Scanning a 20" x 16" 40 year old portrait

Discussion in 'PC Hardware' started by vze2mp9g, Feb 3, 2014.

  1. vze2mp9g

    vze2mp9g MDL Senior Member

    Oct 13, 2012
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    I have a small problem. I'm digitizing/scanning all my old pictures that were taken before they had negatives. I was able to scan most of my pictures that were small enough to scan with my HP Scanjet 4c scanner. I have two old portraits that are 20" x 16" and is on a thick cardboard stock. I took it to a kinkos, but they can't scan anything that thick. Can anyone assist me in getting these two portraits scanned. I am trying to keep the costs down, hopefully below twenty dollars per portrait. I would really appreciate any and all assistance with this issue.
    Thank You.
    David :rain: :aerobueke:
     
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  2. urie

    urie Moderator
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    May 21, 2007
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    May sound silly but can you not just take a digital picture of the actual picture it is large enough and hopefully you wont lose that much quality.
     
  3. Mutagen

    Mutagen MDL Addicted

    Feb 18, 2013
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    I agree. You should use a decent quality digital SLR. I would also suggest taking a number photos - vary the exposures and do a few in direct sun light and some in the shade. That would increase your odds at capturing the full range of tonality of the original.
     
  4. vze2mp9g

    vze2mp9g MDL Senior Member

    Oct 13, 2012
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    That would be nice, but I don't own a digital camera. The only digital camera I have is my iPhone 4, which isn't all the good.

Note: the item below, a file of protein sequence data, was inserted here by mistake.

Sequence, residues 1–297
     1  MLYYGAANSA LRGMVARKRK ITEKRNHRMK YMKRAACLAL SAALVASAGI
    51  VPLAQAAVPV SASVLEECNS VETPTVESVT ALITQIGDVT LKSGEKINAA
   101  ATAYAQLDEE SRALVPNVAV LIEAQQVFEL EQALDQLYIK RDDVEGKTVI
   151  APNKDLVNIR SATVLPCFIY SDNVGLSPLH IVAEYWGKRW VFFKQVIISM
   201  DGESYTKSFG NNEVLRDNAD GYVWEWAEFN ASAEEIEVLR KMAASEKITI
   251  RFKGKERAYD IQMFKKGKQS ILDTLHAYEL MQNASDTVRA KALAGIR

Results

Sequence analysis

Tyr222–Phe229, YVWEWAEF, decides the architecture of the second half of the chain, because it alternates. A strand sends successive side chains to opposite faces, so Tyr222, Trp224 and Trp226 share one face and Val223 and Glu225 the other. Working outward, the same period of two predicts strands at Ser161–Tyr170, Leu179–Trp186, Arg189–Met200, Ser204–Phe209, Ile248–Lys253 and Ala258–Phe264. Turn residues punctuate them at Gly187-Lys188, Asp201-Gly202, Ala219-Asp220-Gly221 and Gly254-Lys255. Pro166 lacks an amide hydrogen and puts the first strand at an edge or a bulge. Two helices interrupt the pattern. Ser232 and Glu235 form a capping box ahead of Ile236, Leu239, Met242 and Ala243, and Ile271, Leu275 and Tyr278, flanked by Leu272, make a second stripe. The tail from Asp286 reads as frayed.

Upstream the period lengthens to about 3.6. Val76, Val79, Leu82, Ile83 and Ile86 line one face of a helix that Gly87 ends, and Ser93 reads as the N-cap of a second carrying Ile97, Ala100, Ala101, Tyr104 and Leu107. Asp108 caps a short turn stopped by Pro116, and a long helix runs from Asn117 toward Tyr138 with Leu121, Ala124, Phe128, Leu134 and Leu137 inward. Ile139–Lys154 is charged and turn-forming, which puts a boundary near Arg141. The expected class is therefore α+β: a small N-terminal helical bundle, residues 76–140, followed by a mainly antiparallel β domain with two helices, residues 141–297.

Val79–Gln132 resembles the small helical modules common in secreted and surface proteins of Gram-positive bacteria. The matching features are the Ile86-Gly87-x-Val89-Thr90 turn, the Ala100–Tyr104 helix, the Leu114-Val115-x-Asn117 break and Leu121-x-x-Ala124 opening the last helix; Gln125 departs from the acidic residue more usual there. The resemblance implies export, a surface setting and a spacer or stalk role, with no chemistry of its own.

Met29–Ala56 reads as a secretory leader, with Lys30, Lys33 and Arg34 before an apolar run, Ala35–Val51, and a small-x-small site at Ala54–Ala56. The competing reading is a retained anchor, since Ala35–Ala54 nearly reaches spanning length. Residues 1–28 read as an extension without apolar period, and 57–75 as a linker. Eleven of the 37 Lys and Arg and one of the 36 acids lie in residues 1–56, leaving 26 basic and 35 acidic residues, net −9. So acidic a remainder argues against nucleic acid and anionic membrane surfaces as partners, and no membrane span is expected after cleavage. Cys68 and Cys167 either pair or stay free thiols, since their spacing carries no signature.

Thank you for your suggestions. :)
     
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  5. ianymaty

    ianymaty MDL Member

    Jan 31, 2010
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    #5 ianymaty, Feb 5, 2014
    Last edited: Feb 5, 2014
    It reqiures some work and some skill but you can do it with your scannner.

    If the picture has white frame you can use it to draw marker lines. If it has not, stitch to it a ~1" white paper outer border on the back of it so you can use it to draw the markers.

    Divide the big picture 2x3 zones by drawing markers on the outer frame. The best way is to draw a border line around the picture ~1 cm from the picture edge. Make sure the line is perfectly parallel to the border of the picture. Than split the image in half on the long side (22/2=11) and in three the short side (18/3=6) by crossing the outer frame line on each edge. Again, make sure the lines are parallel to the picture border.

    Your scanner maximum document size is 8.5 by 14 inches so it fits perfectly and have plenty room to overlap.

    Scan each part ensuring the markers lines are visible in each scan so you can us them to line them up, overlap each marker and stitch them using some photo stitcher/panorama maker program find on Google. When all is lined up you can crop out and discard the border than save the final picture.

    Here's a little sketch how should look your scanning zones.

    Foto2.png

    Hope this helps.
     
  6. MrMagic

    MrMagic MDL Guru

    Feb 13, 2012
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    Colour Photocopy to reduced A4 size then scan Photocopy ?
     
  7. urie

    urie Moderator
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    May 21, 2007
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    Don't you know a friend who may have one:)
     
  8. inhiway

    inhiway MDL Novice

    Feb 5, 2014
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    Try a photography shop, like a portrait studio, or any professional photographer, they could accomodate you I'm sure. I think they all use digital cameras anymore.
     
  9. goldfinger

    goldfinger MDL Junior Member

    Dec 29, 2010
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    If you can find a large enough scanner, then do that. As having tried photographing drawings and paintings, I will have to say that it takes a lot of patience. Museums use a sort of open scanner to digitize works. It ensures lighting is even. You will never get even lighting with photographing. You also have to correct barreling and other distortions. They are VERY evident when photographing art and photos with regular digital cameras and cheap lenses (like the ones typically bundled with cameras.)

    My recommendation is to scan it in pieces and stitch it together with Photoshop or some stitching tool. Make sure to lock the exposure and focus of your scanner. Vuescan is a good piece of software for scanning.